Today there are more than 100 students enrolled in the renewable energy major and 74 graduates, including Hayden and Noll, who are now pursuing their master’s degrees. A grant from the Illinois Clean Energy Community Foundation also helped finish a state-of-the-art renewable energy lab in Turner Hall, featuring a wind tunnel and a trailer-mounted remote wind sensor Sonic Detection and Ranging (SODAR) device, among other tools.
Illinois State’s renewable energy program is unique because it’s truly interdisciplinary, Loomis said. The center’s faculty leadership is a diverse bunch, with expertise ranging from economics and agriculture to technology. It’s a perfect mix for new graduates whose first job out of college may be wind farm project development, requiring them to adroitly work with farmers, landowners, neighbors, and county board members.
“That job in part requires you to have a lot of facets. You don’t have to be an expert in any one facet,” Loomis said. “The interdisciplinary approach prepares our students better than just giving them part of the picture.”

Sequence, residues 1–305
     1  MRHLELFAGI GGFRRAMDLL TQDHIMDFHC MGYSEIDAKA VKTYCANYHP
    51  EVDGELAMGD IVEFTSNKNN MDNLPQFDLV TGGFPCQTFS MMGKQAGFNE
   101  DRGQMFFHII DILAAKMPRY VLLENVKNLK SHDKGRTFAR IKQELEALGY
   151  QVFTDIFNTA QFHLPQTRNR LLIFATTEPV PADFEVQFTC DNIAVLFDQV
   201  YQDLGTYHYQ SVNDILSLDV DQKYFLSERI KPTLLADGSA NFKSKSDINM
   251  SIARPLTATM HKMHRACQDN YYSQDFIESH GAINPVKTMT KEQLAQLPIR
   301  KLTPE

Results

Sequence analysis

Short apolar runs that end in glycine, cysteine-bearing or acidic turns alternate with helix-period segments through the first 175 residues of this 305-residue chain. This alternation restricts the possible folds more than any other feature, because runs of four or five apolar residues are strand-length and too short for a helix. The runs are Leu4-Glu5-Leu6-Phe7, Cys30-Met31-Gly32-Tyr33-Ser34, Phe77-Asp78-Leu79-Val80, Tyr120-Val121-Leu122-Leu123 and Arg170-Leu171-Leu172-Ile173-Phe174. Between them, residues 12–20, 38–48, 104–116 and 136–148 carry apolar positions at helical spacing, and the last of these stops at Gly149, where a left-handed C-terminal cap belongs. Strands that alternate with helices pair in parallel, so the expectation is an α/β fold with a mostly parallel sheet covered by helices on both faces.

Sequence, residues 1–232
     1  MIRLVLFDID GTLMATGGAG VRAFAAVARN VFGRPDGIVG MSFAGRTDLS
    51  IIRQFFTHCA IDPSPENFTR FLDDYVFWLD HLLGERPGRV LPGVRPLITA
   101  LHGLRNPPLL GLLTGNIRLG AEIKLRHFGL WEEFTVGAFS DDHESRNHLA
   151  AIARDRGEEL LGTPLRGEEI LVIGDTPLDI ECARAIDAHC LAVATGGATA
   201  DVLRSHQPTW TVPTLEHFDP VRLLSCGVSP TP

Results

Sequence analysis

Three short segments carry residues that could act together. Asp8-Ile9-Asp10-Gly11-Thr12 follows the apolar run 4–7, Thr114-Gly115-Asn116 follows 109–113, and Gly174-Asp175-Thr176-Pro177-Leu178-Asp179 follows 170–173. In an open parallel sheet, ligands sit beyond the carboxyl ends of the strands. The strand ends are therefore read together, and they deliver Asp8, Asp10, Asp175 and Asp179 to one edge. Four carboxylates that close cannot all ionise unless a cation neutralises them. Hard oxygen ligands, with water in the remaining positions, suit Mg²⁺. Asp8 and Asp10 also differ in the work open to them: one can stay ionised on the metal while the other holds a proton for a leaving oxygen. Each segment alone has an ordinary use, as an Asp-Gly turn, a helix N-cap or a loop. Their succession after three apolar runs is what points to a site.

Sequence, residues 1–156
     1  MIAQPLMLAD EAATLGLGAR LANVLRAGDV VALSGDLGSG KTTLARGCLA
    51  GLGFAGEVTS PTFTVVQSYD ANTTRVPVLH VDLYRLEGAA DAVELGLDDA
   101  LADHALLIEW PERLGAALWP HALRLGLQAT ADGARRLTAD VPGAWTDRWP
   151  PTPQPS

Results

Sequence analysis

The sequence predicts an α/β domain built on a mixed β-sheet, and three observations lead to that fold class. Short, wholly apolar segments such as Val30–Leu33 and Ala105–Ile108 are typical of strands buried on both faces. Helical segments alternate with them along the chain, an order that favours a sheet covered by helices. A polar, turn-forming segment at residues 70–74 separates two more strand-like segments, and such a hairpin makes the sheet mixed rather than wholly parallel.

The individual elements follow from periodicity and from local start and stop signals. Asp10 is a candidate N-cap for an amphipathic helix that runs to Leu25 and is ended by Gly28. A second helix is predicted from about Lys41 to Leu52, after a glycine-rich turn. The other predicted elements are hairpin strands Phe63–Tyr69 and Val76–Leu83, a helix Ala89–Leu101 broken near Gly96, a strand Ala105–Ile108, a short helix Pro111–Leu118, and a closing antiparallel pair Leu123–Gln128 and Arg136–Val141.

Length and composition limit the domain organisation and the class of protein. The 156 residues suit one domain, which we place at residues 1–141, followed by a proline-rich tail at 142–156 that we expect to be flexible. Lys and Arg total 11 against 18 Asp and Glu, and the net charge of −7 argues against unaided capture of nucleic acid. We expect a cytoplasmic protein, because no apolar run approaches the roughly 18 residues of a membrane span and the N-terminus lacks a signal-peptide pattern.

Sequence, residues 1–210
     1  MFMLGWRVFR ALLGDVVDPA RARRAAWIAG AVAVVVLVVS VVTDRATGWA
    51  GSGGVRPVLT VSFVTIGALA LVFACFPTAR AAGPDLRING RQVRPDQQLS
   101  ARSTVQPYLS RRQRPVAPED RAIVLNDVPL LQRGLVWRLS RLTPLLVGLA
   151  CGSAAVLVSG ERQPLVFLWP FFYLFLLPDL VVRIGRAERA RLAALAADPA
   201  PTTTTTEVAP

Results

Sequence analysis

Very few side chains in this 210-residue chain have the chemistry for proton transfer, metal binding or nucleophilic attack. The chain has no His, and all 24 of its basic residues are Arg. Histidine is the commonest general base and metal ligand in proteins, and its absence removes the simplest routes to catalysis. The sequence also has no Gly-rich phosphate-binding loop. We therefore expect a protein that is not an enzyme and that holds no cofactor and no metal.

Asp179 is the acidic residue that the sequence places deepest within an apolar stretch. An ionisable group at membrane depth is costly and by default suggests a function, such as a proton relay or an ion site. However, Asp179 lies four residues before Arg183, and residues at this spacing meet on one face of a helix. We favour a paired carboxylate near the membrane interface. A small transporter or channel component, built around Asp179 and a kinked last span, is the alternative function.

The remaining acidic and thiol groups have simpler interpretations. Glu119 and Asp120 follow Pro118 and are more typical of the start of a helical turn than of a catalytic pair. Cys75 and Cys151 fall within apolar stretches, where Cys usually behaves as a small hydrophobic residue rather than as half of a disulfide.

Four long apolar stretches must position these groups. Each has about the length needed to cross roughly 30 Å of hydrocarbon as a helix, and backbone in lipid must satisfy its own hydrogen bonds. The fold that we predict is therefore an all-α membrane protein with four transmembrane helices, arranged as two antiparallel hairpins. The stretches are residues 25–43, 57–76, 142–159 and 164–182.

Whether it’s the altruistic lure of clean energy or the desire to work in an exciting, developing field, students are drawn to the major for different reasons.
Casey Robertson ’10 got a job with American Wind Energy Management Corp., a small wind developer based in Springfield, after graduating with her renewable energy degree. Robertson’s concentration at Illinois State was in public policy and economics, with one of her standout classes involving roundtable discussions about important court cases in energy regulation and related policymaking issues.
But the major didn’t lock her into one career path over another. For her capstone class, for example, she laid out a small solar installation project for a home. The work involved looking at where to install the panels, which ones to choose, how to find grants to buy them, and estimating the possible return on investment.
Robertson said her young career in wind is exciting, in part because the industry is evolving so quickly. And she’s fulfilling her primary motivation for choosing renewable energy—doing something that will benefit society as a whole. Indeed, Illinois’ 42 wind farm projects collectively produce enough clean energy to avoid production of 4.7 million tons of carbon dioxide each year.